WASHINGTON West Coast lawmakers are urging the Trump administration to alter its approach toward North Korea after Pyongyang’s successful launch of an intercontinental ballistic missile capable of striking Alaska, and possibly other parts of the United States.
The trouble is, they can’t agree on what that alteration should look like.
In public, Republicans generally support the administration, but want the United States to more quickly tighten the screws on Pyongyang by adopting stronger financial sanctions. In Alaska, two GOP congressmen also are pushing legislation to expand the ground-based missile interceptor system in the state, creating a stronger missile shield against a possible North Korean attack.
But several West Coast Democrats are criticizing the president for a “failed” and vacillating strategy toward North Korea, with some urging him to seek diplomatic options instead of heightening tensions and possibly stumbling into a military conflict.
“Now is the time to negotiate and use all of America’s non-military sources of power, not escalate and cause a fatal miscalculation,” said U.S. Rep. Ted Lieu, a California Democrat and a member of the House Foreign Affairs Committee.
North Korea on Tuesday launched what analysts say was a “new” and never-before-seen missile that reached an altitude of 1,700 miles before landing in the Sea of Japan. If fired on a standard trajectory, the missile could have a range of up to 4,970 miles, making it capable of hitting Alaska and possibly Hawaii, according to South Korean officials.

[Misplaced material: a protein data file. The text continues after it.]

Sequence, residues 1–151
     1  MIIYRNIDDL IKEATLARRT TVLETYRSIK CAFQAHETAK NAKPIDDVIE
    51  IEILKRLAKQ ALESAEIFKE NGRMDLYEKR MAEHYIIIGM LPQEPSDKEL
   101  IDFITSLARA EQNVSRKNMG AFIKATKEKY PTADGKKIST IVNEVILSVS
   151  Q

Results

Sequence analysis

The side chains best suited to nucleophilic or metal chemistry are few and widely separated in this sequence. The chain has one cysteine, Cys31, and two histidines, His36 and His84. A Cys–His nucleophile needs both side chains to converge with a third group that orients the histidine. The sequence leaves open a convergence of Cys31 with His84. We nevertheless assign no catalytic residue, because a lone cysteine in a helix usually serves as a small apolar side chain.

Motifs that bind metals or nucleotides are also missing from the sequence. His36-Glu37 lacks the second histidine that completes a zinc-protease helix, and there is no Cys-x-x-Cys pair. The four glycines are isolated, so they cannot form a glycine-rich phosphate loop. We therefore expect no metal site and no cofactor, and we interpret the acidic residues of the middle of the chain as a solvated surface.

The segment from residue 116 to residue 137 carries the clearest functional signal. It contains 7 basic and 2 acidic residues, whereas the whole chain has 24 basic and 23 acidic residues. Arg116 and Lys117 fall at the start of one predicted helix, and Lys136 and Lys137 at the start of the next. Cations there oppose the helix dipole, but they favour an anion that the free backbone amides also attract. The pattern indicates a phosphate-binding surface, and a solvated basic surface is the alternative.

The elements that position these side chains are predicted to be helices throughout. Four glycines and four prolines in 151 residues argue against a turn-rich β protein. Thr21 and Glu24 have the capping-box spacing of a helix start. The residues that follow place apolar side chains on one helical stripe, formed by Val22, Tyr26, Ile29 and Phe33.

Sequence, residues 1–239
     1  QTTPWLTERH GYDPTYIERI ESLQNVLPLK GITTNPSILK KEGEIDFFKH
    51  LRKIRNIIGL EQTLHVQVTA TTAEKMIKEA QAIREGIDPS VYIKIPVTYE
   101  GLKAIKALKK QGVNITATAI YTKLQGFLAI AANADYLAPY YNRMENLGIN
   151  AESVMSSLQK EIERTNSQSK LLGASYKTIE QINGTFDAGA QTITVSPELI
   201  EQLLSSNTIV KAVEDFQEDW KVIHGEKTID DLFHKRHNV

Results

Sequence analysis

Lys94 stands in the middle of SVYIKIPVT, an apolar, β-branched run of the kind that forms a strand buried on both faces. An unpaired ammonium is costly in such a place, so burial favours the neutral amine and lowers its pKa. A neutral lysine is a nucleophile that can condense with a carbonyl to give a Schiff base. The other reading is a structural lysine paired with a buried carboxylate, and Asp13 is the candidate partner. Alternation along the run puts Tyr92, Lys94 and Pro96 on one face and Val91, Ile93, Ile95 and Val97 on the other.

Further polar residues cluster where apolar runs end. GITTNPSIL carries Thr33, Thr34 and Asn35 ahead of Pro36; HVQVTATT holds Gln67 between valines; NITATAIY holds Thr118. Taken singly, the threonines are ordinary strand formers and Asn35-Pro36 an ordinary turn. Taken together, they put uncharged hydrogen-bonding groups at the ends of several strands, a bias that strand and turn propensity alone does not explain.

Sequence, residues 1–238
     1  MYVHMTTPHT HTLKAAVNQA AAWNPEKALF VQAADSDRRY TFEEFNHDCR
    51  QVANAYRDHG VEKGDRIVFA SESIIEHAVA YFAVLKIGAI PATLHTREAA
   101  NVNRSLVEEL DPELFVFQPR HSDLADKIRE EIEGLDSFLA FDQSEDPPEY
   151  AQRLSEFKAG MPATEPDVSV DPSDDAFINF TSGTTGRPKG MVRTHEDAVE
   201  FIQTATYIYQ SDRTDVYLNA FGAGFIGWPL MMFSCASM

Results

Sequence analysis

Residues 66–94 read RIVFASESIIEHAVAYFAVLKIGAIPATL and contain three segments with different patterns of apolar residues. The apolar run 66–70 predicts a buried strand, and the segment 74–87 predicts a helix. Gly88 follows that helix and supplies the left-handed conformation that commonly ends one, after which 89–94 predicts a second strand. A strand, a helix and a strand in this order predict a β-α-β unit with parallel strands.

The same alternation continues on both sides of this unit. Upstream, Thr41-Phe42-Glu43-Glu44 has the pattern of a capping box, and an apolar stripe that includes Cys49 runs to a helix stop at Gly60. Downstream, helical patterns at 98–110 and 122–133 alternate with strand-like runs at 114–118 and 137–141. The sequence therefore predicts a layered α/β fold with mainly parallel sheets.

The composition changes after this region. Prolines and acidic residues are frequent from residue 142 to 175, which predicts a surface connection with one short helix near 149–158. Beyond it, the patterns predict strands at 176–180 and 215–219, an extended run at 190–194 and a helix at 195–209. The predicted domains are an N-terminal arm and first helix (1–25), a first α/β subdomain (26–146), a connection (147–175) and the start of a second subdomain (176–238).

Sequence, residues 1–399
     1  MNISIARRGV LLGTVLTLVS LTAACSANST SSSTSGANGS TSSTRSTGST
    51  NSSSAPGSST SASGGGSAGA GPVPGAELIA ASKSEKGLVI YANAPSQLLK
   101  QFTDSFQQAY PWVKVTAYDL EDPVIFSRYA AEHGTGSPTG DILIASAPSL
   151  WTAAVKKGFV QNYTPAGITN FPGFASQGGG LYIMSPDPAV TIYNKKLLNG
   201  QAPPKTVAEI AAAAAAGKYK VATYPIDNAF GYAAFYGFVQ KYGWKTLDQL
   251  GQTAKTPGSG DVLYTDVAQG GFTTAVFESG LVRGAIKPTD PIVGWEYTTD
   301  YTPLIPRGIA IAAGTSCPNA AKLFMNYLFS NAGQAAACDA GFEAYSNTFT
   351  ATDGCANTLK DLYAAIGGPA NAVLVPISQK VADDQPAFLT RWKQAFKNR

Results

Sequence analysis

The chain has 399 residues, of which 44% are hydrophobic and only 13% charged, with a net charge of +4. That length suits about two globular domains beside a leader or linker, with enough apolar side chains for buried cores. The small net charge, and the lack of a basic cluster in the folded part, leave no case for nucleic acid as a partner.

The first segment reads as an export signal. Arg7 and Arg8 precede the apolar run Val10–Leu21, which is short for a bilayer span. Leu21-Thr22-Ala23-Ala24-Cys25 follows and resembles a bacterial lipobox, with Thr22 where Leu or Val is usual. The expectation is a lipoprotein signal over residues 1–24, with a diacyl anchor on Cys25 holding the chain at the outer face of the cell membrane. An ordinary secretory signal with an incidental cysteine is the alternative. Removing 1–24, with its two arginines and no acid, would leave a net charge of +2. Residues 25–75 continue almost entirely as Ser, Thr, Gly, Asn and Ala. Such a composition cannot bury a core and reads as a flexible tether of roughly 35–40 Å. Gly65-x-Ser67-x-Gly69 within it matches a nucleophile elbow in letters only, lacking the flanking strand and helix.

While Pyongyang may not yet have the capability to target the West Coast, analysts say it is rapidly advancing its missile systems and working to equip them with miniaturized nuclear weapons.
Tuesday’s launch, timed to precede July 4 festivities in the United States and following the recent U.S. visit of South Korea’s president, immediately intensified the situation. “Self-restraint, which is a choice, is all that separates armistice and war,” said Gen. Vincent K. Brooks, the commander of American troops based in Seoul, in a statement.
It also prompted an emergency meeting on Wednesday of the U.N. Secretary Council, requested by the United States, South Korea and Japan.
Addressing the Security Council, Nikki Haley said the United States preferred not to use military force but that North Korea was “quickly closing off” options for a diplomatic solution. She called on the council to adopt stronger sanctions on North Korea to restrict its access to hard cash and materials used in its weapons programs.
Overall, congressional Republicans and Democrats are united in recognizing the North Korean threat, which many now see as the leading security concern to the country, greater than even ISIS. There’s also wide agreement that China, North Korea’s main trading partner, is a crucial player in pressuring Pyongyang to halt, or at least slow down, its weapons programs.
But agreement breaks down over potential responses, ranging from preemptive military strikes to how to best engage Beijing in enforcing sanctions.
Part of the split in Congress reflects the range of opinion among security experts who specialize in Korea.
“People are divided on a whole range of issues,” said Stephan Haggard, a California-based Korea specialist affiliated with the Peterson Institute for International Economics. One of the biggest, he said, was whether to negotiate with North Korea, and if so, under what conditions.